Are you baffled by how much your otherwise bright kid struggles with simple math? Perhaps he has a specific learning difference called dyscalculia. Read on to learn some basic dyscalculia facts. And, find out more about whether you need to find out more.
1. Dyscalculia Facts: What Is It?
Dyscalculia is a disorder that makes it difficult to process and understand fundamental math. As with dyslexia, these difficulties are not related to underlying intelligence. Nor do they relate to levels of education.
Experts estimate that 3-10% of the population has this disorder. They also estimate that about 40% of dyslexics also have dyscalculia.
2. Dyscalculia Facts: Signs, Symptoms and Things To Look For
- Difficulty learning and remembering math facts like basic addition and multiplication tables. Even after repeated practice and exposure.
- Not able to recognize the same number when it’s written as a word, and when it’s written as a numeric symbol. So, not recognizing that “3” and “three” are the same thing.
- Older children who continue to use their fingers to figure out basic math facts.
- Difficulty understanding math concepts like place value, regrouping, carrying and borrowing.
- Hard time distinguishing between right and left, or associating symbols with directions
- Difficulty with time concepts such the days of the week and their order, order of months in a year, and telling time on an analog clock.
- Struggles with money concepts such as making or counting change.
- Unable to reliably recall numbers like zip codes and phone numbers.
3. Diagnosing Dyscalculia
No validated specialized test for dyscalculia exists. Rather, it can be identified as part of a broader educational/learning evaluation.
And, this math disorder often occurs with other learning differences or attention issues (such as dyslexia or ADHD). It could be that while your child’s persistent math struggles stand out, other issues also need to be addressed. They just haven’t attracted attention yet. So the best approach would be to conduct a comprehensive evaluation. One conducted by someone experienced in diagnosing a full range of learning issues, such as an educational psychologist.
4. Dyscalculia Facts: Treatments/Interventions
Trying to find effective treatments and interventions for dyscalculia can be frustrating. There really isn’t a concrete one-size-fits-all answer or approach.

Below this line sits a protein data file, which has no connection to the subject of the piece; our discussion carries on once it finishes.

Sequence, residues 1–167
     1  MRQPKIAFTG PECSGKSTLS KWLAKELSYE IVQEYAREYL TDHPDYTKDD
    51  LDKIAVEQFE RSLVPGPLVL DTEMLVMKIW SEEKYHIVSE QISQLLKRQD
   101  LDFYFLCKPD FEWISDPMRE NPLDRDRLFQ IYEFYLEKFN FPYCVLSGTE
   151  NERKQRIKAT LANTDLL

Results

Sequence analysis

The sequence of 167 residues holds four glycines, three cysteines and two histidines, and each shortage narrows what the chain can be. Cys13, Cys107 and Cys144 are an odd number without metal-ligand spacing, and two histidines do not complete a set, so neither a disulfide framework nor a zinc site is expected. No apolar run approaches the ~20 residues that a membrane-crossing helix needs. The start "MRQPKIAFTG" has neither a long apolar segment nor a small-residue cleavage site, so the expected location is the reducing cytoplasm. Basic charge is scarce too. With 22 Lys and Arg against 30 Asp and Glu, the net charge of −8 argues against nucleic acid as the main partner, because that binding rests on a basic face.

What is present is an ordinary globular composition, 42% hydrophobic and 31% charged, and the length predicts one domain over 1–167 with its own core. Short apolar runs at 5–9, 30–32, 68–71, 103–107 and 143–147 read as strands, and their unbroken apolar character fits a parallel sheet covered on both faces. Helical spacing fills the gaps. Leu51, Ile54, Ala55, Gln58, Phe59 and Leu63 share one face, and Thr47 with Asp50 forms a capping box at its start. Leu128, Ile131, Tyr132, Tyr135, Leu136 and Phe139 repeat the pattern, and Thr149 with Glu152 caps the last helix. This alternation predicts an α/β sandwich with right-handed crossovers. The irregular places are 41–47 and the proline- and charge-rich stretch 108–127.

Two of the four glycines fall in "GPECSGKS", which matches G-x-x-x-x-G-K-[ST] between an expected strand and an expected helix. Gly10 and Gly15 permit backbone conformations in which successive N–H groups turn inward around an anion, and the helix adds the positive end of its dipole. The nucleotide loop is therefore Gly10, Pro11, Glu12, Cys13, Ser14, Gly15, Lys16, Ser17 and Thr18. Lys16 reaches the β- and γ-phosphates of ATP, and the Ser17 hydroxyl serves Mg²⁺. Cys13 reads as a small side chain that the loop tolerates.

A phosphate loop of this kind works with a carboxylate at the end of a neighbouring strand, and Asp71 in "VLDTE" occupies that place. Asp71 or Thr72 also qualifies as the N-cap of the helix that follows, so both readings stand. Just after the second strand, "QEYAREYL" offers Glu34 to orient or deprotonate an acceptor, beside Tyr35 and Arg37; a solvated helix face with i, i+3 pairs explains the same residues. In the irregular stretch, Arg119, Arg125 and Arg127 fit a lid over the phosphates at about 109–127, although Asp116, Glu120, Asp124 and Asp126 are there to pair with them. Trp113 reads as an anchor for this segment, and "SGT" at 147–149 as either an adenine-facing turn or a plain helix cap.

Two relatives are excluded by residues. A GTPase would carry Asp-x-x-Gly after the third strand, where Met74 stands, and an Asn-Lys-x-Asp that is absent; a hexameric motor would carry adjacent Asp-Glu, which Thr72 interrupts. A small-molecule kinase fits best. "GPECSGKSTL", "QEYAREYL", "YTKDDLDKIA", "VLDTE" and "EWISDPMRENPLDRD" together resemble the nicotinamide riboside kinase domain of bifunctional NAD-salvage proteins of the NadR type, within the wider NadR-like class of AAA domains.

Basically, you need to seek out individualized learning strategies and targeted accommodations based on your child’s learning profile.
And, more broadly, you should look at implementing strategies to help your child gain some level of comfort and confidence with using numbers. This can be done through board games or role playing. Or, by actively discussing math concepts as they occur in everyday life. For instance, having practical discussions involving numbers in the grocery store or while cooking. Or, showing how we use numbers to comparison shop online.
You can also create practical discussions and projects from your child’s allowance, if he has one. Don’t underestimate the power of saving money for a coveted goal. For example, my son desperately wanted a Nintendo Switch. For a variety of reasons, I was not inclined to buy one for him. But, I told him that he could save up his own money and buy one on his own.
It took him nine months to do it. And during that period, we had many voluntary discussions about numbers and math that keyed off of his quest for a Switch. Figuring out how much he needed to save. Discovering how long it would take just using his regular allowance. Calculating how many extra things he could do to earn money faster. Looking at the different variables of time, money and potential earnings for different jobs. Investigating the costs of game cartridges and accessories, and factoring it into his budget. Lots of different kinds of math from several different angles. And it was all fun!
Additional Tip: Make peace with allowing the use of a calculator whenever possible.
5. Dyscalculia: Long Term Prospects
You cannot cure dyscalculia. But you can largely tackle it through simple accommodations – like calculators.
That said, kids who face persistent struggles with basic math concepts and number sense are at risk for suffering from low self-esteem issues.
- This article, How to Treat the Symptoms of Dyscalculia, has great practical advice on accommodations and interventions. Specifically, check out the section on interventions that you can implement at home.
- For great suggestions and strategies on supporting self-esteem in kids with dyscalculia, check out: How to Help Kids With Dyscalculia.